Good News and Better News… May 29th, 2017

 Jonathots Daily Blog


There is something of a phenomenon going on in our society. Yet it is not phenomenal. That would connote it possesses goodness.

Somewhere along the line–maybe fifty or sixty years ago–people began gauging history from the time of their birth.

It’s getting worse and worse. Matter of fact, many younger humans will pop off and tell you, “That was before my time”–as if it does not matter or it might not happen again.

This came to my mind Thursday night when I was at a music rehearsal. I introduced the participants to a song by Dottie Rambo. One of them said they didn’t know the song and another piped up, “Most people don’t know who Dottie Rambo is.”

It angered me–not just because this fine woman wrote hundreds of well-known gospel songs, but also because she was instrumental in integrating American gospel music.

In the early seventies, there was a complete segregation in the music field between what was known as Black gospel and Southern gospel. When a young man of color, Andrae Crouch, began his group, “The Disciples” out in Los Angeles, he introduced contemporary Christian music to the nation. It spread like wildfire.

Everywhere except the Southern gospel community.

Oh, yes, there were a couple of groups who recorded the songs, but there was strong resistance to inviting Andrae to the National Quartet Convention, which was more or less the Mecca of gospel music at the time.

It was Dottie Rambo who stood up for Andrae Crouch, traveled with him and even encouraged him to record one of her songs.

It took about one year.

At one convention Andrae was not welcome, and by the next convention he was invited and tore the house down.

You see, the good news is that things can change.

And the better news is that if we become involved and have a sense of history, we will learn that it is individuals who create the change.

Not committees.

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Musing City USA … November 20, 2012


Just about a third of my life.

Driving down I-65 South yesterday heading to Nashville, I realized I had spent twenty years–in two stints–living in the country music mecca. It gave me pause–because I am not a country music artist, nor really am I what you would call a conventional gospel picker. I am just kind of my own thing, which is often the best excuse for being truly erratic. So I had to ask myself, how did I end up spending so much of my life in this Tennessee capital?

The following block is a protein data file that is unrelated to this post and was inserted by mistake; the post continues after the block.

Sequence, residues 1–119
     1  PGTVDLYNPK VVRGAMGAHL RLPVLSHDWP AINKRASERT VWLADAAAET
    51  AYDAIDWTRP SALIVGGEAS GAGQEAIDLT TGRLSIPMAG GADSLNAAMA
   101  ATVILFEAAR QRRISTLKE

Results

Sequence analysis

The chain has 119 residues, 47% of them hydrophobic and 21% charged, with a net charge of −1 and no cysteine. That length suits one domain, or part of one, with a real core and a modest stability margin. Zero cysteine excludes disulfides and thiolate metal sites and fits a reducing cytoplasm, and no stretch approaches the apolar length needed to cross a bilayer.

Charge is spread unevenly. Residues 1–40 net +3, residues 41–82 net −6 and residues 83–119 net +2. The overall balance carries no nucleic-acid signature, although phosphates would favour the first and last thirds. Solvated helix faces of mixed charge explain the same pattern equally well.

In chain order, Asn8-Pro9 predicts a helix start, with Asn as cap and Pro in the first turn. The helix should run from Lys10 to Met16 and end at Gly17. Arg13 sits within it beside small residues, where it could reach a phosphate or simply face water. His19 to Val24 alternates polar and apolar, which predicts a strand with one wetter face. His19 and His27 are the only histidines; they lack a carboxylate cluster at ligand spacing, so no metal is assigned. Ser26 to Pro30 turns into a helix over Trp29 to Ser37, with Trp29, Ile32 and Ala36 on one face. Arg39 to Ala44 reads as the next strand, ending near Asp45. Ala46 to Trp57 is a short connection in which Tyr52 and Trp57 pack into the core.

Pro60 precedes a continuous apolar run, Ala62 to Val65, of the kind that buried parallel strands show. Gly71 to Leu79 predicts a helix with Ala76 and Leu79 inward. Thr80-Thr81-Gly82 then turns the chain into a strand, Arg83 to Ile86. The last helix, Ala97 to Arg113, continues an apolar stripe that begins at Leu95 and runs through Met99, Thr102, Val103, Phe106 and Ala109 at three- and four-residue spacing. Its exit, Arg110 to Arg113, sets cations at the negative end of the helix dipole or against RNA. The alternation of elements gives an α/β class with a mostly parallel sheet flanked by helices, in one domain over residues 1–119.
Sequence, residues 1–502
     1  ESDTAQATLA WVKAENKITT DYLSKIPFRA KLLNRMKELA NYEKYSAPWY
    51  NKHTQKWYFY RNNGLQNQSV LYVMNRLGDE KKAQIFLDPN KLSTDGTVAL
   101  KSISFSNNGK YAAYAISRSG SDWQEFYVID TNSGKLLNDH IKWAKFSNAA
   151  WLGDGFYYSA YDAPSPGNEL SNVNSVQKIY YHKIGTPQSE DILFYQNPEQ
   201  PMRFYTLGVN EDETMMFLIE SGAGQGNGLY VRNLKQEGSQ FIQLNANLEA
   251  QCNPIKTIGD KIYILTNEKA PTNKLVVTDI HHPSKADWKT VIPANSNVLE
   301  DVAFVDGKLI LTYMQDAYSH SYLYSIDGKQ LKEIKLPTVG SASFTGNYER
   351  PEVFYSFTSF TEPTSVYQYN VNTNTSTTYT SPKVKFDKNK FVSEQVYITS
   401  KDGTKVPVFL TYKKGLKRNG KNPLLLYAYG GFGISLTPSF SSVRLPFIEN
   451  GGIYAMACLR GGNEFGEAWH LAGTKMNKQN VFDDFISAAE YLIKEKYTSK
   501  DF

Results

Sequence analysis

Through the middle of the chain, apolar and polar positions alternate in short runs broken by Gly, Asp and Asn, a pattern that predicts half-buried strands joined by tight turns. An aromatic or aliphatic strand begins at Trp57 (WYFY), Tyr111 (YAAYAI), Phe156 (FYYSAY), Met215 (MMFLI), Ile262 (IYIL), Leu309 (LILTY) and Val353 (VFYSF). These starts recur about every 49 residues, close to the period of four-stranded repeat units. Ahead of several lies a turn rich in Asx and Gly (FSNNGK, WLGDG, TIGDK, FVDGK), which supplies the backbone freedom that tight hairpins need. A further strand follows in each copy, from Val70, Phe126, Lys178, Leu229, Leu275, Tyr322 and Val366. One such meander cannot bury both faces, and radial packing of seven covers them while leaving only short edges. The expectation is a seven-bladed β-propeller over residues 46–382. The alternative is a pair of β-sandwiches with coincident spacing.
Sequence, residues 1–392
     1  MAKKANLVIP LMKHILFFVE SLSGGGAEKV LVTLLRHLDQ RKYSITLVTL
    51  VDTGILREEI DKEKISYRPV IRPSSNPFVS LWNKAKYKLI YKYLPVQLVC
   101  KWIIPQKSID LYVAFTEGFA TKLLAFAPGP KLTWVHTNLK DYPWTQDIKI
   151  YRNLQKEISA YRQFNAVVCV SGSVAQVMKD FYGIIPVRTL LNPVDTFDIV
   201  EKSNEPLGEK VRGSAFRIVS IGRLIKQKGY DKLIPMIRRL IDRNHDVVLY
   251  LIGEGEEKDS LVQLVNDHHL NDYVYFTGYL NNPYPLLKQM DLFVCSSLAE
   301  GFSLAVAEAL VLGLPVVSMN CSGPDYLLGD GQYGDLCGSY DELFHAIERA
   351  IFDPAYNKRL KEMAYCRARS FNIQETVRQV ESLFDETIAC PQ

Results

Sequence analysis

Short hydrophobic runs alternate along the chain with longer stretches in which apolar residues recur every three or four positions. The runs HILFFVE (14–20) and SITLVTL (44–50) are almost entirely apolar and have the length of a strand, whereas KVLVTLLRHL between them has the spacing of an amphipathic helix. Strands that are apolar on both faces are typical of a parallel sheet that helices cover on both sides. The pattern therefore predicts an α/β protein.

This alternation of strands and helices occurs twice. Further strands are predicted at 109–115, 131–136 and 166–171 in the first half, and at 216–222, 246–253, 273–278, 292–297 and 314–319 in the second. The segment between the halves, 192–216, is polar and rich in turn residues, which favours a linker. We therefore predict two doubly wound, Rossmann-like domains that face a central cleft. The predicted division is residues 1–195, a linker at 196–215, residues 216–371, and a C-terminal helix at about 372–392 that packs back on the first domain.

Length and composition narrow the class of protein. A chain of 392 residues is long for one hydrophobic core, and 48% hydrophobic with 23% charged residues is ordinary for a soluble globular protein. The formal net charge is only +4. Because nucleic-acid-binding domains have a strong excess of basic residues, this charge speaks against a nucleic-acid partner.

Growing up in Central Ohio, I had a predilection for gospel music, so it did seem logical to me, when I graduated from high school, to at least take a stab at where such sounds were not only permissible, but promoted.

I remember the first time I drove into Nashville and went to Dickerson Pike–to Jimmy Snow’s church. Jimmy Snow is the son of Hank Snow, a legend in the business. I was a punky, inexperienced yokel–but you see, I had this new song, called Resurrection Day, and I decided to perform it with my nervous little green combo–and received a standing ovation from the audience.

I recall the first time I drove to Hendersonville, Tennessee, to record at the House of Cash, and during the session for our album, Johnny, himself, walked in, introduced himself, and struck up more than a polite conversation with us bunch of confirmed nobodies.

I had to laugh to myself when I considered the number of times I walked up and down Music Row, from one publisher to another, sharing my songs with bored office employees, who more often than not, found a bit of glee in dashing my hopes with negative comments.

Then I remembered meeting Dottie Rambo. Dottie was that beautiful combination of earthy, spiritual and humorous which rarely comes our way in the human family and should always be treasured. She loved me–plump bundle of insecurity that I was–and even graciously recorded one of my songs on her album. It’s quite an astonishing honor to have one of the greatest gospel songwriters cover your tune.